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In the deep subcellar of the human heart the dolorous twang of the iron harp rings out.
Build your cities proud and high. Lay your sewers. Span your rivers. Work feverishly. Sleep dreamlessly. Sing madly like the bulbul. Underneath, below the deepest foundations, there lives another race of men. They are dark, somber, passionate. They muscle into the bowels of the earth. They wait with a patience which is terrifying. They are the scavengers, the devourers, the avengers. They emerge when everything topples into dust.
- Henry Miller
The program liner notes for the Al'arme Festival Vol. VI titled this event : LAURIE ANDERSON & BILL LASWELL'S METHOD OF DEFIANCE: COLLISION & SHORT CIRCUITS. This event landed on the first of August at the Radial System V in Berlin.
The method of this defiance consists of Guy Licata on drums, Doctor Israel on beats, dub effects, M.C. and vocals, D.J. Logic on turntables, loops and samples, Graham Haynes on coronet and efx, Bill Laswell on bass guitar and efx, and Laurie Anderson on electric violin, synth efx, and vocals; tech support and organization provided by James Dellatacoma, Yoko Yamabe and myself.
Bill and Laurie go back a long way. He produced some tracks for her Mr. Heartbreak album in 1984 featuring William S. Burroughs. It was Anderson that initially introduced Laswell to Burroughs. Five years later Laswell would create the soundscape for one of Burroughs' most significant spoken word recordings, Seven Souls. Burroughs read text Laswell had selected from his recent book The Western Lands, his uniquely vibrant and colorful rendering of The Egyptian Book of the Dead. Seven Souls is an extremely evocative guided trip through the bardo, the land of the dead. It rates as a classic in the field of after-life technology.
Laurie Anderson has been on my radar a long time as well, listening to her albums since the mid 80's, seeing her exhibits at MOMA in New York and catching a performance at the Beacon Theater. I was fortunate to assist on one session for her Strange Angels album in the late '80s. Strange Angels is a great title, there are other things called that, but the one that interests me the most and somehow seems obliquely connected to this concert is Strange Angel in the singular, the biography of Jack Parsons. Parsons was one of the founders of the Jet Propulsion Labratory. He discovered the formula for the first effective liquid jet and rocket fuel which made jet planes possible. He was also a major Science Fiction fan as well as a devout and very enthusiastic student of Aleister Crowley. Crowley's magick, of course, has a firm foundation in the Egyptian Book of the Dead. Hopefully Parsons was able to quickly up his after-life technology points because he tragically died at age 37 when he accidentally blew himself up.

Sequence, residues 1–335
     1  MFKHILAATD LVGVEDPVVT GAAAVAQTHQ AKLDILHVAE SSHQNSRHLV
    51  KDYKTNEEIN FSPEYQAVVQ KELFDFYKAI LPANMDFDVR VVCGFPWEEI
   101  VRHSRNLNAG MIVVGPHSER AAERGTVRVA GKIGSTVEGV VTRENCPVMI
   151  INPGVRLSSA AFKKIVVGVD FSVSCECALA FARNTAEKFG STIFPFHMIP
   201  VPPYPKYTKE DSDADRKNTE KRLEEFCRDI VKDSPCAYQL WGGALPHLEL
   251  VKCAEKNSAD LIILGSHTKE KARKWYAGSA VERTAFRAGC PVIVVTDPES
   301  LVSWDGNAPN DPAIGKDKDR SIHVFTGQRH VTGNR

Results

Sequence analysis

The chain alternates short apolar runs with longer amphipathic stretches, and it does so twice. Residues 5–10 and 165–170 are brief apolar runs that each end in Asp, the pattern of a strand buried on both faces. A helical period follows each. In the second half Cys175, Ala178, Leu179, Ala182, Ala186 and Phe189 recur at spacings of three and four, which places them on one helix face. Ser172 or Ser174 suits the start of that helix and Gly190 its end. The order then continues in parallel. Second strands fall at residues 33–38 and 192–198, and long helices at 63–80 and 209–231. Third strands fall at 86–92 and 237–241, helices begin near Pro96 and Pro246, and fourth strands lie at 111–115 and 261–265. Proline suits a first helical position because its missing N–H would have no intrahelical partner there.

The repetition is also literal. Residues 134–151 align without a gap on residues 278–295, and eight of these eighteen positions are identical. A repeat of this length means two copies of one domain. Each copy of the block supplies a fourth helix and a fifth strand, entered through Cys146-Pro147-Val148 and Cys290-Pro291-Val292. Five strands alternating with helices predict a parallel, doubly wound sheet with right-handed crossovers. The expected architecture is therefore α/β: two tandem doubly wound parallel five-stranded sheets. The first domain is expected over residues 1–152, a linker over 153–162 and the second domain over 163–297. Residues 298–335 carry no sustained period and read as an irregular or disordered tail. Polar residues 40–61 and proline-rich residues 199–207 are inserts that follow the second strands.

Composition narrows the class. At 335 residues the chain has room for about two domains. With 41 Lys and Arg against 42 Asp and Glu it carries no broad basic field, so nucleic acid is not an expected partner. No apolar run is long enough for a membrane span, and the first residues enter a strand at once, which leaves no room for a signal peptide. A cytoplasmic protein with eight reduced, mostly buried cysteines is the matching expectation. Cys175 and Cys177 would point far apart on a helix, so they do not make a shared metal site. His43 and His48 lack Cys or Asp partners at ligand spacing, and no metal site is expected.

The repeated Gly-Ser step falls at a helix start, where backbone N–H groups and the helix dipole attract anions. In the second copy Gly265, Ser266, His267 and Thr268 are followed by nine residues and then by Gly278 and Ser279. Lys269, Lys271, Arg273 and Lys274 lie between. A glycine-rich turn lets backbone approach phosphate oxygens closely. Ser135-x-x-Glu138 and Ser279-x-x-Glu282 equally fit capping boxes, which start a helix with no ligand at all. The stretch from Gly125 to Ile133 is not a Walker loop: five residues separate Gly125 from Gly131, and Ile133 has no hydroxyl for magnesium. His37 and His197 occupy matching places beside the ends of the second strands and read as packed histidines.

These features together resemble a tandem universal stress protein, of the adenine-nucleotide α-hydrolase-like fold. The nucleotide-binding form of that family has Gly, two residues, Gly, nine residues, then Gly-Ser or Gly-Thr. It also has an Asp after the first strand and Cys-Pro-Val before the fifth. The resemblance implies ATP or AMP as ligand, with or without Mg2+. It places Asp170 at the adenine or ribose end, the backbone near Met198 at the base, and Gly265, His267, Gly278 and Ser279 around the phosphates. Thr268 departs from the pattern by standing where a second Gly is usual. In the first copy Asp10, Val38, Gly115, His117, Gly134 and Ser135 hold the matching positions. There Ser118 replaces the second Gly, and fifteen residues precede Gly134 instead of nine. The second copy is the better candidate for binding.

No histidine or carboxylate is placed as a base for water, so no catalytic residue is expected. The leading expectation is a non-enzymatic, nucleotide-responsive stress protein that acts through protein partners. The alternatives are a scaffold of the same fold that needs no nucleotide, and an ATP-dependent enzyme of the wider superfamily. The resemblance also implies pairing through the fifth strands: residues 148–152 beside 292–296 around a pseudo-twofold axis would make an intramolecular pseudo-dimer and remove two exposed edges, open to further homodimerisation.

The opening artist for Method of Defiance was a Norwegian avant garde angel, Maja S.K. Ratkje who created a very powerful and densely layered sonic environment with only her voice and electronics. It definitely created a whole other world that, for me, recalled a quote from Dante's Inferno I had recently seen in Crowley's Konx Om Pax. It occurs in the 6th Canto when Virgil and Dante enter the 3rd Circle of Hell:
“ ____________Look to your science
Where it is written: the more a thing is perfect
The more it feels of pleasure and of pain."
I enjoyed what I heard very much.
The Method of Defiance set was framed by two stories Anderson told, the first as an introduction and the second near the end. Her first story incorporated one of the most ingenious uses of crowd participation I've ever witnessed. In the event that she does it again, I won't write a spoiler and say exactly what it was, only that it effectively evoked the feeling of frustration nearly anyone of sane mind experiences when tuning into the Trump political reality TV show. It created a powerful cathartic sensation that segued into an equally powerful music blast from the M.O.D. emergency broadcast system here at the Al'arme Festival. Anderson's second story was about the stars. From Trumpian angst to the stars suggests to me that the music, while it went in many directions from ambient soundscaping and melodic delicacy to furious drum & bass, hip hop beats and turntable scratching with rap dissent and poetics, overall it became a transformative voyage through a figurative and temporary death of ordinary identity. A realm of the dead, a realm which is another kind of very affective life. This is the realm where real change can occur.
There were two sets to different audiences and they were unlike any other Method of Defiance or Material concert that I've mixed. Laurie Anderson brought a unique sensibility that blended seamlessly with the drum & bass, dub & ambience, revolution rap of M.O.D. and guided it into uncharted territory. I saw Graham after the second show and he was shaking his head with a big smile saying something like, "... she takes you to places you never expect to go." It was clearly an exceptional new musical adventure for him. Bill also played differently, mixing in lots of melodic phrases and ambient environments with the heavy dub lines and the intense crescendos.
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